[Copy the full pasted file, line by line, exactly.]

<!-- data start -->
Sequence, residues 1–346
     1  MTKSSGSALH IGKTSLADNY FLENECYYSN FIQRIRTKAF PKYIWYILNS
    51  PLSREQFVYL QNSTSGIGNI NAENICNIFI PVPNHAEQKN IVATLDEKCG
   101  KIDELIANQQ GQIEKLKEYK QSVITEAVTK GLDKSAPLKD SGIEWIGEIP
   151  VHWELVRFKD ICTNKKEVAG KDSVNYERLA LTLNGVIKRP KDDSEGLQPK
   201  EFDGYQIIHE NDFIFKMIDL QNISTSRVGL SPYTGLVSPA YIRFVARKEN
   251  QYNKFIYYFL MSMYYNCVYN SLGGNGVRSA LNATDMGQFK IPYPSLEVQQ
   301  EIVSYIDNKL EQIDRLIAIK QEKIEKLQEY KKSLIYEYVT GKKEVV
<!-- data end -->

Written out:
Sequence, residues 1–346
     1  MTKSSGSALH IGKTSLADNY FLENECYYSN FIQRIRTKAF PKYIWYILNS
    51  PLSREQFVYL QNSTSGIGNI NAENICNIFI PVPNHAEQKN IVATLDEKCG
   101  KIDELIANQQ GQIEKLKEYK QSVITEAVTK GLDKSAPLKD SGIEWIGEIP
   151  VHWELVRFKD ICTNKKEVAG KDSVNYERLA LTLNGVIKRP KDDSEGLQPK
   201  EFDGYQIIHE NDFIFKMIDL QNISTSRVGL SPYTGLVSPA YIRFVARKEN
   251  QYNKFIYYFL MSMYYNCVYN SLGGNGVRSA LNATDMGQFK IPYPSLEVQQ
   301  EIVSYIDNKL EQIDRLIAIK QEKIEKLQEY KKSLIYEYVT GKKEVV